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Subject: Re: [boost] Formal Review of Proposed Boost.Process library ends Sunday!
From: Jeremy Maitin-Shepard (jeremy_at_[hidden])
Date: 2011-02-20 16:14:29

> - How much effort did you put into your evaluation? A glance? A quick
reading? In-depth study?

This review is based on a read of the documentation, reading select
parts of the code, as well as a prior evaluation of an earlier version
of the library. I didn't actually write or compile any code.

> - What is your evaluation of the design?

1. The stream behavior interface adds an unnecessary additional layer
of abstraction, solely to allow reuse of the context instance, which
seems unlikely to be useful, and certainly not worth the added
complexity cost. I suggest the following simpler interface:

Individual stream_ids are mapped to single (as opposed to pairs of) file
descriptors (e.g. boost::iostreams::file_descriptor). Boost process
takes care of setting up these mappings. A convenience interface for
inherit could still be provided. If some of these file descriptors are
pipes, the user code should have maintained a reference to the
appropriate end, on its own.

Related to this, the pipe creation facility should be written as a
general facility independent of Boost.Process (even though it might well
officially be contained in it), as should the null file facility. It
also should not be tied to C++ iostreams; instead, users could make use
of the existing facilities in Boost.Iostreams to obtain a C++ iostream
interface to a file descriptor.

2. On POSIX, the asynchronous wait interface does not provide
notification of child processes being suspended or continued.

3. Unicode support for Windows (for executable names/paths, command-line
arguments, and environment variables) is needed.

4. A simple cross-platform interface to exit status might be useful,
e.g. boost::optional<int> normal_exit_status(), where on Windows there
is always a value, and on POSIX the value is present only if the process
exited normally.

5. On Windows, the extension interface may be too limited.

6. Some simple convenience functions for common tasks such as running a
process, waiting (either synchronously or asynchronously) for it to
exit, and receiving its STDOUT output as a string, might be useful.

> - What is your evaluation of the implementation?

On POSIX, the asynchronous wait interface is quite inefficient, as it
requires an extra thread per child process. Instead, waiting based on
SIGCHLD should be used.

Interoperability with other common C/C++ libraries that deal with
process creation, such as glib, when possible would be desirable.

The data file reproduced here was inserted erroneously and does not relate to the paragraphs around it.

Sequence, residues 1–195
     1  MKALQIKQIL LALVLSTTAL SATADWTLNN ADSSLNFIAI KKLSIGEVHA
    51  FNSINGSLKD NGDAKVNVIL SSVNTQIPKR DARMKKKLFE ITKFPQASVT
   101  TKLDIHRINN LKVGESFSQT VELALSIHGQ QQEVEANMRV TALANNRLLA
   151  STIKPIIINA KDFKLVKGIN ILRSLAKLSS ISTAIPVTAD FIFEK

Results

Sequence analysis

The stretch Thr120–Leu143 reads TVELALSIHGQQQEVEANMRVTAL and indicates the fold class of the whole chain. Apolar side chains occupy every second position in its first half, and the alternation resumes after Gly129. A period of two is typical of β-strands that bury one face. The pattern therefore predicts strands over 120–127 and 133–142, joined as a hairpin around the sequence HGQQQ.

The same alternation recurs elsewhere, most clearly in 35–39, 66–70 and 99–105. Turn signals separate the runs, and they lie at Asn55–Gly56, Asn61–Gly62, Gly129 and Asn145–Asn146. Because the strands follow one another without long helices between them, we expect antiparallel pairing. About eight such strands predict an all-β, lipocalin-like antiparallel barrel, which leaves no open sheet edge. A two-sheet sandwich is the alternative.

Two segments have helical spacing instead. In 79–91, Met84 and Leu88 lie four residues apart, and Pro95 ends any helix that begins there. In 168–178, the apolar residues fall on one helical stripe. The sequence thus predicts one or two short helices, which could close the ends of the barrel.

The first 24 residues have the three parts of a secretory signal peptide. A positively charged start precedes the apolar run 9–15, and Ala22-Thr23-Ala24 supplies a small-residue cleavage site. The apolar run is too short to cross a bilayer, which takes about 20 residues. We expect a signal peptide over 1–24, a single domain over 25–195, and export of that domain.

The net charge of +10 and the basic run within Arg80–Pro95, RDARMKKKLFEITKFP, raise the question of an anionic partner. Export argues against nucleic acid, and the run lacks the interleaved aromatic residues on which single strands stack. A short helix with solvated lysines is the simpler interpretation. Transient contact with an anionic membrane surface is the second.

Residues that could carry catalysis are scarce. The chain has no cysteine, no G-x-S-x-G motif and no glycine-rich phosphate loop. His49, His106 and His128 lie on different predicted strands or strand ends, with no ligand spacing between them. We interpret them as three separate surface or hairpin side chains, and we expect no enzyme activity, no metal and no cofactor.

On POSIX, errors that occur in the child process after fork() but before
execve() should be distinguishable from an exit status that occurs after

> - What is your evaluation of the documentation?

Many operations in the library, while to some extent
platform-independent, nonetheless have platform-specific behavior that
should be documented.

For instance, it should be documented that process::terminate calls
TerminateProcess on Windows (because then users can look up the specific
behavior of TerminateProcess) and ignores the force argument, while on
POSIX it sends a SIGTERM signal (or SIGKILL signal if force is true).
The note that accessing the process object after calling terminate may
be dangerous is incorrect, I believe. On POSIX, the PID is valid until
it is returned by a call to wait/waitpid. Thus, on POSIX, if the
process is not a child process, the PID may become invalid at any time,
before or after the call to terminate. On Windows, the PID is valid
until the last handle is closed, and the process class specifically
keeps a handle open for this reason, and therefore regardless of whether
or not it is a child process, the PID will remain valid.

Additionally, on POSIX, it should be documented precisely when the
context::setup function is invoked, in relation to other process setup
operations, such as changing the working directory, and setting up file

> - What is your evaluation of the potential usefulness of the library?

If only the synchronous waiting is to be used, or only a small number of
processes are to be created, the library is quite adequate for use on
POSIX. The support for mapping arbitrary file descriptors, rather than
just 0, 1, and 2, makes it more powerful than some other libraries, such
as glib. On Windows, it is of limited use as is, due to lack of Unicode
support in the various strings, though that could probably be fixed
relatively easily.

> - Are you knowledgeable about the problem domain?

I am fairly knowledgeable about the complexities of process creation and
signal handling on POSIX platforms, having written several simple C++
interfaces for process creation (on top of the POSIX system API) for use
in my own software. I also have a reasonable understanding of process
creation in Windows (and I believe Windows is fairly straightforward).

> And finally, every review should answer this question:
> - Do you think the library should be accepted as a Boost library?

The library should not be accepted as is. The lack of efficient
asynchronous waiting support, and the overly complicated stream behavior
interface, are showstoppers for me.

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